During the COVID-19 lockdown, Badi’s municipality saw an influx of Nepali migrant workers returning from India. As per the protocol, the returnee migrants were required to quarantine for 14 days at a local facility. However, the onset of COVID-19 exacerbated pre-existing discrimination against the Dalit community. The people from ‘upper castes’ in the quarantine centre refused to let Dalit returnee migrant workers enter the premises and locked the gates saying they might spread COVID-19.

When Badi found out, she went with a hammer and smashed the lock. She stopped the spread of misinformation and explained to everyone that any one of them, including people from ‘upper castes’, could test positive for COVID-19. She advised all to maintain physical distance and warned if anyone discriminated against the Dalits, she would have to report them to the police. She also provided support to the survivors of gender-based violence in the quarantine centre. Badi’s continuous efforts to address inequality have earned her respect in her municipality.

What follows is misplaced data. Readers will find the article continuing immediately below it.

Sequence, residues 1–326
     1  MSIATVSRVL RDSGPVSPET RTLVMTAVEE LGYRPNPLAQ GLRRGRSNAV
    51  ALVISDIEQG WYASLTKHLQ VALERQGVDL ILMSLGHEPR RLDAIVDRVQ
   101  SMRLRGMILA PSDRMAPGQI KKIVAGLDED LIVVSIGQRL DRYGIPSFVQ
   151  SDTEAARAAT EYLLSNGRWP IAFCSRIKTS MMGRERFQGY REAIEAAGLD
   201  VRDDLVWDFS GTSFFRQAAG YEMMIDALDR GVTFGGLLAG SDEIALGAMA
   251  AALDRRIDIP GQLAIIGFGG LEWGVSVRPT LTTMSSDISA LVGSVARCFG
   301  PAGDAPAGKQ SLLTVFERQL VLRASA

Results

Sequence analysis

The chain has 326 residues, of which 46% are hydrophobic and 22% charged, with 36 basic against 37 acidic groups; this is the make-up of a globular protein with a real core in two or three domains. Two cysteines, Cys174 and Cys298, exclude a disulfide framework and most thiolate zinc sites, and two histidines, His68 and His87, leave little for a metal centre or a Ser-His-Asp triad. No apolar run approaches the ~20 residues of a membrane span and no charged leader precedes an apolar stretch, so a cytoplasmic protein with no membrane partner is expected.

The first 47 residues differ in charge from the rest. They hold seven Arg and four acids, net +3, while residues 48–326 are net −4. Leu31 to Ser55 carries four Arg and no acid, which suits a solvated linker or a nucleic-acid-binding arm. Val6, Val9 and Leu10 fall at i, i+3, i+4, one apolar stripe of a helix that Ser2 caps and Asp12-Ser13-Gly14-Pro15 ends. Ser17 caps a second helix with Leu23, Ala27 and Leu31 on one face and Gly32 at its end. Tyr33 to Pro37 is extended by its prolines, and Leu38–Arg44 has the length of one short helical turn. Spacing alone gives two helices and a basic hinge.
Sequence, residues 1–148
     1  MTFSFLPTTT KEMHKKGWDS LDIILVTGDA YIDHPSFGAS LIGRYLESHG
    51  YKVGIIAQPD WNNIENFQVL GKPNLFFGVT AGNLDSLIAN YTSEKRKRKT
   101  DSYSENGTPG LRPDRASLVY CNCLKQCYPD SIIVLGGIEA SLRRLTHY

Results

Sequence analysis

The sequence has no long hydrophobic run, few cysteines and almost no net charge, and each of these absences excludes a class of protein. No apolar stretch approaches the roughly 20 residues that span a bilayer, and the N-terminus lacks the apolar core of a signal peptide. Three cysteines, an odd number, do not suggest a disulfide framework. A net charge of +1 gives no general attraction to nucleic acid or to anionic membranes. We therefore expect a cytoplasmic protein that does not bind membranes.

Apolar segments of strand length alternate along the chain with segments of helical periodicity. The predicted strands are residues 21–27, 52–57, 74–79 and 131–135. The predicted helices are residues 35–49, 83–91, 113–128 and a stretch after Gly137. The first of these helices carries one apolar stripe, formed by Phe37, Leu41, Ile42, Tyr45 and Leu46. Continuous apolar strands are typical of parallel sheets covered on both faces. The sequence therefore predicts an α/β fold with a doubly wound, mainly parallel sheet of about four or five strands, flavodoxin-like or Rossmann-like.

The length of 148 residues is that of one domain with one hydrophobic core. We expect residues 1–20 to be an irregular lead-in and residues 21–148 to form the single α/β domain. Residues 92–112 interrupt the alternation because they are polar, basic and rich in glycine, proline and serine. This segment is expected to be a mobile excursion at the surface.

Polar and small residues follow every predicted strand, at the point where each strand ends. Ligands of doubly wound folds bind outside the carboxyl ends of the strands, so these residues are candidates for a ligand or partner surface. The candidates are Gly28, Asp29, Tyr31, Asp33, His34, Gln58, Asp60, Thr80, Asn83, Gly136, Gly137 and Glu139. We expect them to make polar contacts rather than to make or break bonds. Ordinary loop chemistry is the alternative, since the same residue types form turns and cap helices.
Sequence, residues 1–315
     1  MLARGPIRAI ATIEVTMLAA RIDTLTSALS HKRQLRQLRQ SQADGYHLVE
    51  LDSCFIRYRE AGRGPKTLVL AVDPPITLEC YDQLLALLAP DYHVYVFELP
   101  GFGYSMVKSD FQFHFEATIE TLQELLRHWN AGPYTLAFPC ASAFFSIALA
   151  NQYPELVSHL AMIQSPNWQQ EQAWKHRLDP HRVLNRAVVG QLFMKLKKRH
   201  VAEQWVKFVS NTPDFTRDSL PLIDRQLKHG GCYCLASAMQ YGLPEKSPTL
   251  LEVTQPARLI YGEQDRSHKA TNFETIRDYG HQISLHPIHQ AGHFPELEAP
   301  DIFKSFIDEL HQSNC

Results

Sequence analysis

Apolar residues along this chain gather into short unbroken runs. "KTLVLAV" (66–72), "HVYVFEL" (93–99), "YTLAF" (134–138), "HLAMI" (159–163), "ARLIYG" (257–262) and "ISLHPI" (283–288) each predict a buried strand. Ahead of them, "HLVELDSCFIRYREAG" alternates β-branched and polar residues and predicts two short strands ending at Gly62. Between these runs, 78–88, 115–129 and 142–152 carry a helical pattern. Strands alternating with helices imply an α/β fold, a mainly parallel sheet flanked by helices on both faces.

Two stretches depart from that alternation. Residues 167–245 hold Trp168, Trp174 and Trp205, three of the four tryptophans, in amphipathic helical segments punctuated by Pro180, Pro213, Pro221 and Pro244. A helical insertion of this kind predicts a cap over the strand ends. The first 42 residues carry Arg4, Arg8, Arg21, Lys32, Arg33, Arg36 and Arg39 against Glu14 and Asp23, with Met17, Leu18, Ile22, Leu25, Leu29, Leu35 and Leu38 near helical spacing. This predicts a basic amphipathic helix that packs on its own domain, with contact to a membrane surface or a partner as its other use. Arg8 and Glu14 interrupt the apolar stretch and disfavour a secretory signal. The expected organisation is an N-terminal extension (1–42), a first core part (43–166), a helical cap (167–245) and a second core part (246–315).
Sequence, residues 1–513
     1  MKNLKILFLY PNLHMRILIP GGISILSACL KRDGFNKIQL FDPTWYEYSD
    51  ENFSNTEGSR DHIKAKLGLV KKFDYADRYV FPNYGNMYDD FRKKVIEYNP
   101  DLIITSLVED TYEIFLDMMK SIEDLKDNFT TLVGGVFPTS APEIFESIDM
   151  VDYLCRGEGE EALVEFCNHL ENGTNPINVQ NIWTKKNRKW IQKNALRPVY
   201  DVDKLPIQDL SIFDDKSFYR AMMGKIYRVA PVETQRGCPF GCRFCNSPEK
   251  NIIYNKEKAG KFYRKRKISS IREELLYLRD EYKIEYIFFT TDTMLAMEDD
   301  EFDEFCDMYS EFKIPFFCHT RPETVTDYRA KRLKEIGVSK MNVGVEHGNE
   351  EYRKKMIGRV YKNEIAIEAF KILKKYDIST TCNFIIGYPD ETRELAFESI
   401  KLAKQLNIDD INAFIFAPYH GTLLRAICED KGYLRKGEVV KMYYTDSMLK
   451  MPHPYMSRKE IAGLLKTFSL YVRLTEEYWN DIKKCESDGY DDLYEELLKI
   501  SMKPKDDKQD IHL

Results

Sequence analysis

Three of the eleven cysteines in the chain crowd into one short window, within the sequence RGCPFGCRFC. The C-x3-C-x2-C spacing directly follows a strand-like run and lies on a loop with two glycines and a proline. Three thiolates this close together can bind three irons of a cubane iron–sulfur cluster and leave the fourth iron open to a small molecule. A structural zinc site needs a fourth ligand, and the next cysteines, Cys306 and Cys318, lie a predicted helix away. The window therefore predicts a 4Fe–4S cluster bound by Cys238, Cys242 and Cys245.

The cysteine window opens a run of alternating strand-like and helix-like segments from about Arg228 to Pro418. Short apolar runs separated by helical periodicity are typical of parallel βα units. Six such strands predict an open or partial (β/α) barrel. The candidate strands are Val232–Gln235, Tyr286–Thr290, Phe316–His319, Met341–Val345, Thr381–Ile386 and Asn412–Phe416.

Read her full story here.

Supporting women entrepreneurs

Caroline Fattal. Photo courtesy of Caroline Fattal

Caroline Fattal is a Lebanese businesswoman. Photo courtesy of Caroline Fattal

“I believe that economic resilience and revival of businesses is critical right now and supporting women to remain in the workforce is crucial,” says Caroline Fattal, a 49-year-old Lebanese businesswoman with extensive experience in multinational companies and within her family business.